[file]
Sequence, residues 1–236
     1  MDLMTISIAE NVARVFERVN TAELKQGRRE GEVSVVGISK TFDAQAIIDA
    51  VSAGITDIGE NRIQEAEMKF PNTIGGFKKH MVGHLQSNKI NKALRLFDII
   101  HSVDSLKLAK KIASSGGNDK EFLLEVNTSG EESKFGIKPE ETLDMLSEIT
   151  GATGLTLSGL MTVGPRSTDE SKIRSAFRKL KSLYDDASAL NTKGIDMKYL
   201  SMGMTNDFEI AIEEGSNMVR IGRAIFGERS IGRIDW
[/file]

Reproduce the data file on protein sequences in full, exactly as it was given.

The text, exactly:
Sequence, residues 1–236
     1  MDLMTISIAE NVARVFERVN TAELKQGRRE GEVSVVGISK TFDAQAIIDA
    51  VSAGITDIGE NRIQEAEMKF PNTIGGFKKH MVGHLQSNKI NKALRLFDII
   101  HSVDSLKLAK KIASSGGNDK EFLLEVNTSG EESKFGIKPE ETLDMLSEIT
   151  GATGLTLSGL MTVGPRSTDE SKIRSAFRKL KSLYDDASAL NTKGIDMKYL
   201  SMGMTNDFEI AIEEGSNMVR IGRAIFGERS IGRIDW